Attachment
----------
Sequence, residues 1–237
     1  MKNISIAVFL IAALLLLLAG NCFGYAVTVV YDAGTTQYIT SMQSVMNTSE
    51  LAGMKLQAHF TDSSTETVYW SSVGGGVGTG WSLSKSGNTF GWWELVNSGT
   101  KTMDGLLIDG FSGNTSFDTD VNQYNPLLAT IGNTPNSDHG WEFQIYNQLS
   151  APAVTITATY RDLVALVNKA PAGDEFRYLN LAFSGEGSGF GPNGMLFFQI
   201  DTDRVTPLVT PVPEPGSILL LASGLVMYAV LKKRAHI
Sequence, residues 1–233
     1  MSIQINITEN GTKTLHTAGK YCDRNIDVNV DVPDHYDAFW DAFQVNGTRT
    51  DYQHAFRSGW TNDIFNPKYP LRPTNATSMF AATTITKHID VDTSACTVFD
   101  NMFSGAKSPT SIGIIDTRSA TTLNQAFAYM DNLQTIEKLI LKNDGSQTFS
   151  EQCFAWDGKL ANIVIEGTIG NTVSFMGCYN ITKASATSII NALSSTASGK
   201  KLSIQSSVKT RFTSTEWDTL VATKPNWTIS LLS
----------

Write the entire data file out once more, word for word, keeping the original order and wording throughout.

Sequence, residues 1–237
     1  MKNISIAVFL IAALLLLLAG NCFGYAVTVV YDAGTTQYIT SMQSVMNTSE
    51  LAGMKLQAHF TDSSTETVYW SSVGGGVGTG WSLSKSGNTF GWWELVNSGT
   101  KTMDGLLIDG FSGNTSFDTD VNQYNPLLAT IGNTPNSDHG WEFQIYNQLS
   151  APAVTITATY RDLVALVNKA PAGDEFRYLN LAFSGEGSGF GPNGMLFFQI
   201  DTDRVTPLVT PVPEPGSILL LASGLVMYAV LKKRAHI
Sequence, residues 1–233
     1  MSIQINITEN GTKTLHTAGK YCDRNIDVNV DVPDHYDAFW DAFQVNGTRT
    51  DYQHAFRSGW TNDIFNPKYP LRPTNATSMF AATTITKHID VDTSACTVFD
   101  NMFSGAKSPT SIGIIDTRSA TTLNQAFAYM DNLQTIEKLI LKNDGSQTFS
   151  EQCFAWDGKL ANIVIEGTIG NTVSFMGCYN ITKASATSII NALSSTASGK
   201  KLSIQSSVKT RFTSTEWDTL VATKPNWTIS LLS